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Technical Free Skiing Videos - Page 17

post #481 of 495
Thread Starter 
Quote:
Originally Posted by NECoach View Post

 

To put it another way. Is Heluva intentionally using his very bent inside leg to remove pressure from the extended and stacked outside leg?

 

No. That's a recipe for a hip check or a high side... neither of which are fun at 35-45mph.

post #482 of 495
Thread Starter 
Quote:
Originally Posted by EdgeByter View Post

Heluva's video is the closest I've seen to how I think I'm skiing. Maybe not in every detail but certainly how I move around groomed slopes at times.

 

I learned a long time ago that it is unwise to look at a skier and say "that is how I look when I ski" unless you actually have verified that you indeed look like that skier. Those who have not spent a significant amount of time doing self MA are usually pretty shocked at what they see when they are finally filmed. Generally, perception is quite far from reality. Why do you think NCAA D1 teams film AND time every practice run?

post #483 of 495
Thread Starter 

To those who keep harping on turn shape and variation... The turns are actually made on 4 distinctly different pairs of skis: 27m GS ski, 12.5m SL ski, 17.5m all mountain ski, 15m all mountain ski. I haven't brought this up yet, but the radii skied with each ski is pretty much the tightest arc I can get the skis to make given the speed, terrain, and snow surface. In the carving-specific clips there are turns based on GS, SL, and short swing turns (I call them instructor turns). Add in the short tun clip made as a result of the "versatility" criticisms, and there are quite a lot of different turn shapes, radii, and types shown.

 

To put the GS turns in perspective; they are much tighter than a typical 27m set... probably closer to a 20m turn. Although I've never measured my tracks with a range finder, I have skied plenty of 23m-27m sets that were set with a range finder, so I have some basis for comparison. This applies to all of the turns... they are all much tighter than the natural radius of the ski, and much tighter than anyone I've ever skied with can arc a ski of comparable radius. Some here who have skied with me can attest to this.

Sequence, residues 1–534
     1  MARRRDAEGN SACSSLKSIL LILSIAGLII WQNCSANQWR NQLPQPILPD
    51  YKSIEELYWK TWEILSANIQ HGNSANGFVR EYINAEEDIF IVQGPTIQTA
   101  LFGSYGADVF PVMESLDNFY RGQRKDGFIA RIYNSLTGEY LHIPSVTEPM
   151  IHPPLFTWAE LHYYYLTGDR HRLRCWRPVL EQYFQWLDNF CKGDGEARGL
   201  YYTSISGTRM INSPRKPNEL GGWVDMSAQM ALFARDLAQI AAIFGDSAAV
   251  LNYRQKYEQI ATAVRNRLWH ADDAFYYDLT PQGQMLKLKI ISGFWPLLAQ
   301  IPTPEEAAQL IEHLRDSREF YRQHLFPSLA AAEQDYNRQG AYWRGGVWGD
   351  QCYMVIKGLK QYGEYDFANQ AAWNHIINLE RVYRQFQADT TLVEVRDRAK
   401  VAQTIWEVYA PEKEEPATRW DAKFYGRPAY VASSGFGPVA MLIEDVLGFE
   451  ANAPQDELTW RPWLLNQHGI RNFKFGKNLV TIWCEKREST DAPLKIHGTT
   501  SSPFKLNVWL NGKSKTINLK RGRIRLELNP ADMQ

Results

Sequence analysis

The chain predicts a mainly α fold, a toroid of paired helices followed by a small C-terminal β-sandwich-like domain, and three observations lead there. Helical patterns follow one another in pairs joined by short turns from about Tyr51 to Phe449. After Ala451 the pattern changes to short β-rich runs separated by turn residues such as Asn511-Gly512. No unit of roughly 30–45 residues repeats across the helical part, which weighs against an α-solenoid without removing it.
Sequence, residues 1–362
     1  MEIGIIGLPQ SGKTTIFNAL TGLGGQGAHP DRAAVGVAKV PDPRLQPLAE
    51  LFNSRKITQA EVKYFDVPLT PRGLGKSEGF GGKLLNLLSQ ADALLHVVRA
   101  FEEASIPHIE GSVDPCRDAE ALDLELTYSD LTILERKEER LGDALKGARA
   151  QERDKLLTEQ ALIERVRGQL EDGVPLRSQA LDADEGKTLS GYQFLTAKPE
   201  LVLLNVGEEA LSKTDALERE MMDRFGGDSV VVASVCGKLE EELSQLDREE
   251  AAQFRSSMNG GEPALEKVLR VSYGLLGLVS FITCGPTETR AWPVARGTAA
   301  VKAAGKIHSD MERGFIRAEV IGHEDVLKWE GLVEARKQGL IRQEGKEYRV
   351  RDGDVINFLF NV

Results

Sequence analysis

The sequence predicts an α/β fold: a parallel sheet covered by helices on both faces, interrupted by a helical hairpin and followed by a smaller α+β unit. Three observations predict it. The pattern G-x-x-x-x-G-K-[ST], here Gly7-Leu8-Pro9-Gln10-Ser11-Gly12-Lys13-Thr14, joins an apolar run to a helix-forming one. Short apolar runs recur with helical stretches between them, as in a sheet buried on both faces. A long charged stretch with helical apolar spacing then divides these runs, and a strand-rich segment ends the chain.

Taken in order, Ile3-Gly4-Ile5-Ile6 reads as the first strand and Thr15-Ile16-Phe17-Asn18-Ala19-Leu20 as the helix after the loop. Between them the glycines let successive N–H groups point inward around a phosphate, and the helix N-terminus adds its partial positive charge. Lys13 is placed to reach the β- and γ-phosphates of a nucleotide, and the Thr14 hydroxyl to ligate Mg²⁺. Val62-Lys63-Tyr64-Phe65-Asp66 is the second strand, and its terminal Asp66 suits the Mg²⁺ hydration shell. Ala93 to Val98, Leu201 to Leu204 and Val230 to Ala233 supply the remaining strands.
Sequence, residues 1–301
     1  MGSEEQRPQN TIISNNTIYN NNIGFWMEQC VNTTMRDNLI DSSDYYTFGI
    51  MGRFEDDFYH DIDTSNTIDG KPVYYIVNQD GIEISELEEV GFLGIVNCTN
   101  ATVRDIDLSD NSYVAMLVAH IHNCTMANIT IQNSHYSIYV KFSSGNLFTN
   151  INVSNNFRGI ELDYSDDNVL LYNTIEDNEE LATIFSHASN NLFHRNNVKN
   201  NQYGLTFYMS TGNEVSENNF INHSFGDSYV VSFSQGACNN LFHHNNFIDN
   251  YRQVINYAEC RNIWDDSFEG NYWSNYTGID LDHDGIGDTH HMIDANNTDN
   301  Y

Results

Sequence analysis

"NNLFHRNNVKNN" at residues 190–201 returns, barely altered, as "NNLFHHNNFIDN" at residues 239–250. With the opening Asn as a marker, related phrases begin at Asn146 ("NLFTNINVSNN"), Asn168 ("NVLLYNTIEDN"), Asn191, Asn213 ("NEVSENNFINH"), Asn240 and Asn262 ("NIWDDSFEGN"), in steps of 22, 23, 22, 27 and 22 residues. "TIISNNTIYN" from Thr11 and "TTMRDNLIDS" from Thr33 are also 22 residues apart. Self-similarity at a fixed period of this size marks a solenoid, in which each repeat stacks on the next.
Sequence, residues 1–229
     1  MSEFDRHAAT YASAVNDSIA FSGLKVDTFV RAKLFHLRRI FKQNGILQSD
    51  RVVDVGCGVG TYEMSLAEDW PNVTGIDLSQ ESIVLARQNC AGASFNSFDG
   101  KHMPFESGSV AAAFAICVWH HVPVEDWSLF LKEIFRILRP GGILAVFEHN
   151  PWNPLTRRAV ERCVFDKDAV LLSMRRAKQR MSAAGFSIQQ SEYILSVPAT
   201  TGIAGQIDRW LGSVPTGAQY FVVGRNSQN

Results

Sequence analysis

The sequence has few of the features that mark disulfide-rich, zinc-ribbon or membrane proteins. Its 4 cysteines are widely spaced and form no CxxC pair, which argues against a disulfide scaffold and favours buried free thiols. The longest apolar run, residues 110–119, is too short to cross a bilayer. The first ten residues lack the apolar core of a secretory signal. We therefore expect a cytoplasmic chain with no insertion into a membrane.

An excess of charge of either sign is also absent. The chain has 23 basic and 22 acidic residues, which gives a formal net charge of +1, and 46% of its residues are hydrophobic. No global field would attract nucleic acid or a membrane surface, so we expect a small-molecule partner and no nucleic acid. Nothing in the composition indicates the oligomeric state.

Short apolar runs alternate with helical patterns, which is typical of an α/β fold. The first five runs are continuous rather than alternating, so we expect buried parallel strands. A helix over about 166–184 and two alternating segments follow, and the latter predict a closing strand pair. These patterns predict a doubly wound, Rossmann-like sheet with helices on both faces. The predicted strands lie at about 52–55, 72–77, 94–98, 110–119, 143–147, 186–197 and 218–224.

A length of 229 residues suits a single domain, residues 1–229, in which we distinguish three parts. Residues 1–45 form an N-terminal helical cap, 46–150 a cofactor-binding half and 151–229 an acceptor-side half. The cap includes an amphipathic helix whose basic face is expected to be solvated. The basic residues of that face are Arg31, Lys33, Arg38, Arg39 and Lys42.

Based on experience, I'm of the opinion that using the ski to tighten the radius is far a more challenging task than "varying" a turn shape/size/speed by adding or subtracting pivoting and pushing. Watching a skier make a 25m GS turn on a 17m all mountain ski while the ski is engaging and releasing throughout the whole turn, is not impressive to me. Watching the same skier then tighten their turns, not by engaging the skis, but rather by pivoting or pushing the skis [to me] is equally less impressive.

 

Each to his own I suppose... but those who mentioned that I am a skier who doesn't understand how they ski would be wrong. I am often skeptical of those who cannot "do" [or have no measurable proof that they "can do"; this being the internet and all] but can always tell everyone, with certainty, "how to do it". When the "do-er" contradicts this kind of person, the response is always "well, you just don't understand what you're doing".

 

Thanks again to those who find value in these videos. For me, that makes the effort involved in gathering the footage and compiling it, worth while.

 

Cheers.

post #484 of 495
Quote:
Originally Posted by HeluvaSkier View Post

To those who keep harping on turn shape and variation... The turns are actually made on 4 distinctly different pairs of skis: 27m GS ski, 12.5m SL ski, 17.5m all mountain ski, 15m all mountain ski. I haven't brought this up yet, but the radii skied with each ski is pretty much the tightest arc I can get the skis to make given the speed, terrain, and snow surface. In the carving-specific clips there are turns based on GS, SL, and short swing turns (I call them instructor turns). Add in the short tun clip made as a result of the "versatility" criticisms, and there are quite a lot of different turn shapes, radii, and types shown.

 

To put the GS turns in perspective; they are much tighter than a typical 27m set... probably closer to a 20m turn. Although I've never measured my tracks with a range finder, I have skied plenty of 23m-27m sets that were set with a range finder, so I have some basis for comparison. This applies to all of the turns... they are all much tighter than the natural radius of the ski, and much tighter than anyone I've ever skied with can arc a ski of comparable radius. Some here who have skied with me can attest to this.